Eye-catch­ing cos­metic re­vamp cranks up style

● Honda’s up­dated HR-V gets smart new looks but CVT gear­box spoils the party, writes De­nis Droppa

The Herald (South Africa) - - World Of Wheels -

In a com­pact cross­over mar­ket seg­ment burst­ing at the seams with some very ap­peal­ing con­tenders, you need to be pretty de­cent to stand out.

Honda’s HR-V has done so with its eye-catch­ing styling since its de­but in SA in 2015, and for 2018 it’s un­der­gone a mid-life cos­metic re­vamp that re­ally cranks up the style.

Avail­able as be­fore in 1.5 Com­fort and 1.8 El­e­gance ver­sions, the HR-V now fea­tures the “solid wing face” that is be­com­ing Honda’s new styling sig­na­ture, with slim­mer head­lamps con­nected by a thick glossy bar across the grille.

To­gether with a more ag­gres­sive front bumper and LED el­e­ments in the head­lights (LED day­time run­ning lights on the flag­ship El­e­gance ver­sion), the HR-V has an ul­tra-mod­ern ap­pear­ance and wouldn’t look out of place as a prop in a Star Wars movie.

The restyle is topped off by smoked tail­lights and new al­loy wheels: 16-inch ver­sions on the 1.5 de­riv­a­tive and 17-inch­ers on the 1.8 El­e­gance.

The up­grades come with 2.1% price in­creases, with the HR-V 1.5 Com­fort CVT selling for R354,900 and the HR-V 1.8 El­e­gance CVT for R419,900.

The in­te­rior has also un­der­gone a re­vamp and up­graded equip­ment lev­els to cre­ate a more up­mar­ket feel but it’s still a mixed bag. The cabin vibe in the range-top­ping 1.8 El­e­gance I drove is gen­er­ally quite pre­mium and the car has leather seats, but for the R419,900 pric­etag I ex­pected the dash­board to have soft-touch plas­tic and not the hard stuff.

Also, the in­fo­tain­ment sys­tem feels a lit­tle last-gen­er­a­tion with its rel­a­tively un­der­sized 6.8-inch screen and small icons.

It does how­ever have all the nec­es­sary con­nec­tiv­ity in­clud­ing Blue­tooth-based hands­free tele­phony and au­dio stream­ing, ex­tended con­nec­tiv­ity via USB and HDMI, and screen mir­ror­ing for ac­cess to de­vice-spe­cific func­tions such as video and photo files, and GPS nav­i­ga­tion.

The 1.8 El­e­gance also has a re­vers­ing cam­era.

For a com­pact cross­over the HR-V is fam­ily friendly with its roomy cabin, which takes four tall adults with­out a squeeze. Honda’s Magic Seat Sys­tem al­lows a va­ri­ety of seat­ing and load car­ry­ing con­fig­u­ra­tions.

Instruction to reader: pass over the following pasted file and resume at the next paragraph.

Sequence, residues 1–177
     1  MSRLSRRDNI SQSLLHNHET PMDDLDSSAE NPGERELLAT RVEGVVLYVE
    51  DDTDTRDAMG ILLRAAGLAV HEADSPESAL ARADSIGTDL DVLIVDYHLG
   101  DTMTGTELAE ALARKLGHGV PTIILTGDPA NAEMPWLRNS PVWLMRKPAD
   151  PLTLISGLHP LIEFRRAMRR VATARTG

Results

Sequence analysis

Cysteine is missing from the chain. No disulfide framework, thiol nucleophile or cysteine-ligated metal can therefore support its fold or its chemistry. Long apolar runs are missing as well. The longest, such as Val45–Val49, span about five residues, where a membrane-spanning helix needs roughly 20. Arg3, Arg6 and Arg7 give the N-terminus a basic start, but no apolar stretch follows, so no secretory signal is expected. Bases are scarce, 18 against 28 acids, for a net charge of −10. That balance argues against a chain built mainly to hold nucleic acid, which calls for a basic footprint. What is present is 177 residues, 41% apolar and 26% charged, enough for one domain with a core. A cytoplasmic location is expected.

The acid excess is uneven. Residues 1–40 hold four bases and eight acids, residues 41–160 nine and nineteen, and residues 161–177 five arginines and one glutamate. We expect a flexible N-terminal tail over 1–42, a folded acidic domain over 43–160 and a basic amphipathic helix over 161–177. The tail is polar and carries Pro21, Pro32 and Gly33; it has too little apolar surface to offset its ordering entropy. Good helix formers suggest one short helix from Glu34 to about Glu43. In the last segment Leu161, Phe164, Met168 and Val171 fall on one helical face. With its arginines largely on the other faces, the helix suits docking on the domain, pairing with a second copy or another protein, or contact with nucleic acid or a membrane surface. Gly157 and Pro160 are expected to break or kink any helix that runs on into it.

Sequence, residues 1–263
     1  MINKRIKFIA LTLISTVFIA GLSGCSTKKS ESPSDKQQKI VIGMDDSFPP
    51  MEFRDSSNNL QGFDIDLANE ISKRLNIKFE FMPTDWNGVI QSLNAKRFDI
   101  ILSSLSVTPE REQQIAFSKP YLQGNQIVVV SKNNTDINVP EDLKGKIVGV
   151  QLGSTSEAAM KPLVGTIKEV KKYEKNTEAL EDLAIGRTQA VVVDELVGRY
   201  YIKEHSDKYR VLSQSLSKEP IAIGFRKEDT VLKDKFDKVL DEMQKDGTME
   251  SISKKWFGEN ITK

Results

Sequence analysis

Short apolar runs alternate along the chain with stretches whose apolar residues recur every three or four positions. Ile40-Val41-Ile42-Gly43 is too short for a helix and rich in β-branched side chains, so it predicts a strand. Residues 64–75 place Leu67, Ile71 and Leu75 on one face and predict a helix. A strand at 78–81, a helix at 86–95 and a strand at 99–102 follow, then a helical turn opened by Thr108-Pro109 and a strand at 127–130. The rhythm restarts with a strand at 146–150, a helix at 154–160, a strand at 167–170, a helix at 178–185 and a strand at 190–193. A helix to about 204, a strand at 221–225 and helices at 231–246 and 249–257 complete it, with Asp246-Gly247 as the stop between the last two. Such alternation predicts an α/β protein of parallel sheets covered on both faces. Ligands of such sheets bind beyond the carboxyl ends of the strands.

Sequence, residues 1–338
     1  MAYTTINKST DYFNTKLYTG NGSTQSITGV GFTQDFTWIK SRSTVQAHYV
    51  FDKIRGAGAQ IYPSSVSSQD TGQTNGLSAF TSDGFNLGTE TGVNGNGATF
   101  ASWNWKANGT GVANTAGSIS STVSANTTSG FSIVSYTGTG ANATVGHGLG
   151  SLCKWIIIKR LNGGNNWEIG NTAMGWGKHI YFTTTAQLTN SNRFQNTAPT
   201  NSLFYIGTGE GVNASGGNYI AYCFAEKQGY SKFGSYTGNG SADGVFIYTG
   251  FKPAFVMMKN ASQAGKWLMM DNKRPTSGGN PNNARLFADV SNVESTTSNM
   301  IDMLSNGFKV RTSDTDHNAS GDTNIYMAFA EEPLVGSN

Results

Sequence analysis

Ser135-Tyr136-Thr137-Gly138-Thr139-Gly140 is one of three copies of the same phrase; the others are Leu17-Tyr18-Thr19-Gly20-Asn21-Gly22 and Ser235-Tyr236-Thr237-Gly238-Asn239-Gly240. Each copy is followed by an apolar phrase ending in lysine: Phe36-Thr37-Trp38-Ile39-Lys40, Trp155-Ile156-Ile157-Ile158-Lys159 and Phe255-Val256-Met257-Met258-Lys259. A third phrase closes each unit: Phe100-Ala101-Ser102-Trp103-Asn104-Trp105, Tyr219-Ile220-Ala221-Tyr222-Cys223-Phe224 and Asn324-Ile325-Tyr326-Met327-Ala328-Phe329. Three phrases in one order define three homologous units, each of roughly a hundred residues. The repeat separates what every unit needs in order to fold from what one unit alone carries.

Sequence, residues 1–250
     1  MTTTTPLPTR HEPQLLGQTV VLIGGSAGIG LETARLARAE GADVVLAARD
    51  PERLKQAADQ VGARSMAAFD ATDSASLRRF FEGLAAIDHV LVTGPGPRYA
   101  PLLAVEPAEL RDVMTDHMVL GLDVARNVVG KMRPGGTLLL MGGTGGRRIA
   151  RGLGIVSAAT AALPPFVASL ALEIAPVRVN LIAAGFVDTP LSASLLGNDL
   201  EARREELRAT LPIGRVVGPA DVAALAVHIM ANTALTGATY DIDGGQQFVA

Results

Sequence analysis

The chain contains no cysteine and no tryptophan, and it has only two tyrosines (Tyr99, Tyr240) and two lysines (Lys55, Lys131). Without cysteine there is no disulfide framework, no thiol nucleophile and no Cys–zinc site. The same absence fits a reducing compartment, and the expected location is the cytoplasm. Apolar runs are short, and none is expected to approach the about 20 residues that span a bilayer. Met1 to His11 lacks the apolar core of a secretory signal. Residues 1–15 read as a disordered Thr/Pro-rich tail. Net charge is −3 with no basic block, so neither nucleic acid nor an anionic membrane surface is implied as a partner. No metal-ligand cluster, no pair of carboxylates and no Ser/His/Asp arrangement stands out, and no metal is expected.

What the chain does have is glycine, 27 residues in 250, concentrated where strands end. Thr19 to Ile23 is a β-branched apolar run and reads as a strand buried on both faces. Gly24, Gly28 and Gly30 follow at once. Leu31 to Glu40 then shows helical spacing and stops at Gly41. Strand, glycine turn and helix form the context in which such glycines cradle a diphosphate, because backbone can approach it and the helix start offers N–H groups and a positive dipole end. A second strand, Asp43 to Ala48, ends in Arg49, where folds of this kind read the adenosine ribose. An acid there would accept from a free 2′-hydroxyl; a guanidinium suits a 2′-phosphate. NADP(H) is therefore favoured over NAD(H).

The split rear bench seat can be folded for­ward in the nor­mal way to ex­tend the 393l lug­gage com­part­ment (with full-sized spare wheel) to 1,002l, and the bench seat’s squabs can also be raised to cre­ate a cargo area be­hind the front seats for more ex­trav­a­gant shop­ping ex­pe­di­tions.

Both Honda HR-V mod­els are well stocked, with elec­tric win­dows and mir­rors, re­mote cen­tral lock­ing, air con­di­tion­ing, cruise con­trol, a mul­ti­func­tion steer­ing wheel and a trip com­puter as stan­dard.

Both mod­els also have com­pre­hen­sive safety in the form of six airbags, ABS brakes, sta­bil­ity con­trol and hill-start as­sist.

With its slightly el­e­vated ground clear­ance and high­pro­file tyres the front-wheeldrive HR-V is gravel-road ca­pa­ble even though it makes no pre­tence at be­ing an off-road ve­hi­cle.

The ride qual­ity is fairly cushy and it scoots through turns with car-like agility, as be­fits its ur­ban cross­over sta­tus.

As part of the up­grade, Honda im­proved the noise and vi­bra­tion damp­en­ing for bet­ter re­fine­ment, and for the most part the HR-V is a quiet run­ner, ex­cept for when the CVT gear­box sends the en­gine revs sky high in search of more power.

This un­for­tu­nately hap­pens quite a lot when­ever the ve­hi­cle en­coun­ters a hill on the open road.

Where torque-con­verter or dual-clutch au­to­mat­ics are be­com­ing the in­dus­try stan­dard in most ve­hi­cles, Honda has de­cided to em­brace CVTs and this is the only trans­mis­sion it of­fers on the HR-V, in both the 1.5 and 1.8 de­riv­a­tives.

I have ex­pe­ri­enced CVT driv­e­trains that I’ve liked but this un­for­tu­nately isn’t one of them.

Around town there’s not much to com­plain about and the power de­liv­ery’s smooth and un­ob­tru­sive, and the steer­ing pad­dles can be used to ef­fect more nat­u­ral-feel­ing man­ual shifts.

But on the open road, as soon as climb­ing an in­cline or an over­tak­ing move is called for, the car hikes the revs and set­tles into an an­noy­ingly loud drone along with a dis­con­cert­ing “slip­ping clutch” ef­fect.

The trans­mis­sion doesn’t make the best use of the 1.8l petrol en­gine’s 105kW and 172Nm, and hav­ing those revs soar­ing like that isn’t great for fuel con­sump­tion.

Our test car slurped 8.7l/100km, way thirstier than Honda’s 6.8l claim.

The up­dated Honda HR-V makes a good case for it­self with its hand­some styling, fam­ily prac­ti­cal­ity, and a gen­er­ous dose of lux­u­ries and safety, even though it’s on the ex­pen­sive side with its pric­etag ven­tur­ing into the turf of larger ve­hi­cles such as the Tuc­son and Sportage.

It’s a pity the gear­box spoils the party be­cause there’s a good ur­ban SUV here burst­ing to get out.

Pic­tures: QUICKPIC

CA­PA­BLE CRUISER: A styling up­date gives this Honda cross­over more pres­ence

MIXED BAG: The cabin gets a re­vamp but it’s still hard plas­tic on the dash

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